Results of multivariate analyses of NEP use are presented in Table 2. After adjusting for age, gender, race/ethnicity, recruitment method, and frequency and duration of injection, a significant positive relationship was found between the prevalence of daily injection and frequency of NEP use. With the exception of frequency of injection, there were no significant differences between participants who infrequently used (1–6 visits) and never used the NEP in the previous 6 months. Significant differences in frequency of sharing needles and other injection equipment, backloading, using needles only once, and always wearing condoms with regular partners were found only for study participants who had visited NEPs more than once a month in the previous 6 months.
This study compared the sociodemographic characteristics, IDU patterns, and other high-risk behaviors of young IDUs who used versus those who did not use NEPs. Perhaps the most significant result of this study is that although NEP use was associated with several protective factors, only 13% of these young injectors had visited an NEP more than once a month in the previous 6 months. This level of NEP use appears particularly low, given the presence of >20 NEP sites in Chicago and the existence of prescription requirements for the legal purchase of syringes in Illinois.
During the study period, NEPs appear not to have been reaching most young IDUs and, therefore, were unable to promote risk reduction or provide them with sterile injection equipment and referrals to needed services. Among those who do attend NEPs, attendance was infrequent (typically once or month or less). With such infrequent contact between clients and staff, it is difficult to establish the level of rapport that promotes the use of other health and social services, including drug treatment.
Consistent with studies of older IDUs, 7,8 NEPs in our study appeared to attract the most regular and frequent injectors among our sample of young IDUs. Although the NEPs in our study attracted frequent injectors to the programs, participation in the programs was not significantly associated with any type of change in injection frequency.
Given that the goal of NEPs is to reduce the spread of life-threatening pathogens, the most important desirable association of NEP use measured by this study is lower prevalence of injection and sexual risk behaviors. These results are consistent with most studies of older NEP users that show desirable associations between NEP participation and injection risk. 9,10
Similar to the results of 1 recent study of young NEP users, 11 we found a strong association between NEP use and infrequent reuse of the same needle. Such consistent use of new sterile needles reduces the risk of abscesses and systemic bacterial infections among IDUs, as well as the risk of unknowingly injecting with a needle someone else has used.
In addition, frequent NEP users compared with nonusers had 3 times larger proportions of subjects who reported always using a condom with their regular partners. This strong association between NEP use and safer sex behavior is made even more significant in light of results of other studies showing that NEP participation has little or no effect on risky sexual behaviors. 4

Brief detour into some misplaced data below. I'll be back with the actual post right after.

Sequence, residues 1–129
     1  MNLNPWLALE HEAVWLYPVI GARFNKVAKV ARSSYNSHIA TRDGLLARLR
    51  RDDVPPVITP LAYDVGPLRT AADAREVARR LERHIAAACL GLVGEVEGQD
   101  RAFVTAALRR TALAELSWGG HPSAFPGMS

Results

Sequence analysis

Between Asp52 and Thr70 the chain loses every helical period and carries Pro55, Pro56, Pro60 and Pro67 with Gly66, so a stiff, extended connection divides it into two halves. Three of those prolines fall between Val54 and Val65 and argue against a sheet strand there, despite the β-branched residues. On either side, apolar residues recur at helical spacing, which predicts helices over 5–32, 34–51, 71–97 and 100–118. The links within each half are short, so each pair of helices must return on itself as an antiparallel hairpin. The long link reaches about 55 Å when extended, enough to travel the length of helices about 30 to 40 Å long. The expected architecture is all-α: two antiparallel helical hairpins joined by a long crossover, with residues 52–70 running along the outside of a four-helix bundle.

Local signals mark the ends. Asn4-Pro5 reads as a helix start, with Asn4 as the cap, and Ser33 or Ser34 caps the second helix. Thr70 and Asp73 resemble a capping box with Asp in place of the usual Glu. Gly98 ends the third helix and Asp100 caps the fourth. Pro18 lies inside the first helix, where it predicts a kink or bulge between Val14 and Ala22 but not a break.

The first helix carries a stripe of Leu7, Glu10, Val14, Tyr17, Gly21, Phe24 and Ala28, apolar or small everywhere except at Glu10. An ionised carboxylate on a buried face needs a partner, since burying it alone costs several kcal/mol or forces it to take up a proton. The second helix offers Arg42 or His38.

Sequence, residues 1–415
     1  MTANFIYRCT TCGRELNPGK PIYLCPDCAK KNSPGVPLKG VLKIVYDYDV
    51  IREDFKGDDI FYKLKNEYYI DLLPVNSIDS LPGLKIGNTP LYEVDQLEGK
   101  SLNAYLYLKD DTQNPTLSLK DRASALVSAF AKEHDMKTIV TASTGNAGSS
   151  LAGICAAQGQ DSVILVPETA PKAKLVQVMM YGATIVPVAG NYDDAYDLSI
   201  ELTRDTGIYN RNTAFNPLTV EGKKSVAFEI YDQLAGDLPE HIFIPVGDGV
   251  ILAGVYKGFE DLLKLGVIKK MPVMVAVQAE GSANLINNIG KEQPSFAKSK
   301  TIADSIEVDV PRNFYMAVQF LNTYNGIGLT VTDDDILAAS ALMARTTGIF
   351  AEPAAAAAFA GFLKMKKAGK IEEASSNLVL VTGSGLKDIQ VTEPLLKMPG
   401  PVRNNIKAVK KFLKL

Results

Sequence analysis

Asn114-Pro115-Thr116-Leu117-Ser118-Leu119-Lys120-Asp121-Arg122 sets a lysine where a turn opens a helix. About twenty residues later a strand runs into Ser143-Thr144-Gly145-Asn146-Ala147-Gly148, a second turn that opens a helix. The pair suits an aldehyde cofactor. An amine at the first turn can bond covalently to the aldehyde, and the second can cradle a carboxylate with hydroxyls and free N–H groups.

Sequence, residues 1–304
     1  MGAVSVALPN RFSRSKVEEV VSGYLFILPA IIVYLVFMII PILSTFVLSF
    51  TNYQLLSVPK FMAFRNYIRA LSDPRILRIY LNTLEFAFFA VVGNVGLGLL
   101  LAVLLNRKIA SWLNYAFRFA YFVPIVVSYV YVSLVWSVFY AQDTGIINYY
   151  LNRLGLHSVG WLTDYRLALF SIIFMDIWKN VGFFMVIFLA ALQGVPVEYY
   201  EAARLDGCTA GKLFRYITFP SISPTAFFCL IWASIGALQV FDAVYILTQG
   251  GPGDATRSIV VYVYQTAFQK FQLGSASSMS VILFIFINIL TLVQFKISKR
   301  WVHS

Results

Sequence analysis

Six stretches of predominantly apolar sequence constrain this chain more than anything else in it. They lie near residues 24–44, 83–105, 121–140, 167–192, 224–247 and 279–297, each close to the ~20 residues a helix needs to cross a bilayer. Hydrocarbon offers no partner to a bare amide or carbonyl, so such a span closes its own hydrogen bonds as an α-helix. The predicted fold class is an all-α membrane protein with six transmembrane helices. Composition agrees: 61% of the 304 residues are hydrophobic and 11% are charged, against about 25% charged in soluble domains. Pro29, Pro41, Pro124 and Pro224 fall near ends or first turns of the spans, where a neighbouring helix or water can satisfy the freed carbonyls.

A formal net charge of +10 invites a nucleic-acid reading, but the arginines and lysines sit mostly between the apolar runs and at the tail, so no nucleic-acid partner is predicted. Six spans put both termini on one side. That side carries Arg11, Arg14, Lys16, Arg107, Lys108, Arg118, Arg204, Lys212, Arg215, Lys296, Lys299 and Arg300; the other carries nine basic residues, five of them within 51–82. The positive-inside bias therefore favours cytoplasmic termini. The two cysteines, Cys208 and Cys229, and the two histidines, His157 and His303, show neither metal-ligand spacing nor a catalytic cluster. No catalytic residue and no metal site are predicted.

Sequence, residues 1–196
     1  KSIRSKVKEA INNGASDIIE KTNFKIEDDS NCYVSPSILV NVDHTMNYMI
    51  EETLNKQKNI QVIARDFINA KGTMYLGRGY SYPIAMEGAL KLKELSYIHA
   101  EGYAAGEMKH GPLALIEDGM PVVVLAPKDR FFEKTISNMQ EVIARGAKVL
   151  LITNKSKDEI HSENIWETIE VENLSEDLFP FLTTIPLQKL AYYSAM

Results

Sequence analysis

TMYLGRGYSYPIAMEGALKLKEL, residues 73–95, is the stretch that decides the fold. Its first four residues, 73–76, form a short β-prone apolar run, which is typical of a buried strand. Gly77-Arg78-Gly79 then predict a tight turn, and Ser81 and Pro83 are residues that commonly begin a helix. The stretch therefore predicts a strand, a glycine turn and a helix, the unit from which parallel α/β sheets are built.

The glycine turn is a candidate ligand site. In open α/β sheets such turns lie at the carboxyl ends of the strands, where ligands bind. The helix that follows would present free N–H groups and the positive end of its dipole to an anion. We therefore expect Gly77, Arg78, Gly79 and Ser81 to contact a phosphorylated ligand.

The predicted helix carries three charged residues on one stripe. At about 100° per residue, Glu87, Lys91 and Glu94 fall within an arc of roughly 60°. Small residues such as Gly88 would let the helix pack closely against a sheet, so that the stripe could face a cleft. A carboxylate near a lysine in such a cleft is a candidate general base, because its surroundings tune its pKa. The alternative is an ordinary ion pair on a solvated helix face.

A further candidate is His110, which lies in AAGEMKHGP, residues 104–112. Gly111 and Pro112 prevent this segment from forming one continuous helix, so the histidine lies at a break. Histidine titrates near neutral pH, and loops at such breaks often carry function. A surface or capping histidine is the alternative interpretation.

This study has several limitations to consider when interpreting findings. First, because the analysis was based on cross-sectional data, the temporal and causal relationship of NEP use to reductions in risk behavior cannot be determined. In addition, the possibility of some 3rd factor affecting both NEP participation and risk reduction, such as high motivation for health promotion, cannot be ruled out.
Second, behavioral data were self-reported and therefore subject to biases associated with differences in the accuracy or completeness of reporting past behaviors or experiences. To minimize recall bias, most behavioral questions concerned the past 6 months, and interviewers asked about significant life circumstances during that time to help participants remember specific behaviors. Third, socially desirable responding might have caused some participants to underreport their levels of high-risk behavior or overreport their frequency of NEP use. 12 However, because interviews were conducted in storefront offices largely operated by staff with personal experience in using injected drugs, participants may have been more likely to speak truthfully about their behaviors. In addition, the fact that we did not see consistently desirable relationships between NEP use and risk reduction suggests that subjects were being honest about their level of risk, even after NEP participation.
Fourth, although we used multiple recruiting sites and methods to reduce bias in the sample, the sample was not randomly selected, and the extent to which findings can be generalized to other young IDUs is unknown. Finally, our study was not designed to be a formal evaluation of NEPs, so we cannot rule out contamination between NEP users and nonusers. Similarly, we did not assign subjects to user and nonuser groups, so we cannot be certain about the extent of self-selection for program participation.
Keeping these limitations in mind, our findings suggest that although young IDUs who are frequent users of NEPs inject drugs more often, they practice safer injection behaviors than the non-NEP users. These positive results are tempered by the fact that only 13% of our sample visited NEPs on average more than once a month during the 6 months preceding the baseline interview. Given the apparent benefit of participation in NEPs, more rigorous outreach efforts encouraging NEP participation among young injectors may be appropriate. Staff should also identify and remove barriers to NEP participation that may be particular to young IDUs.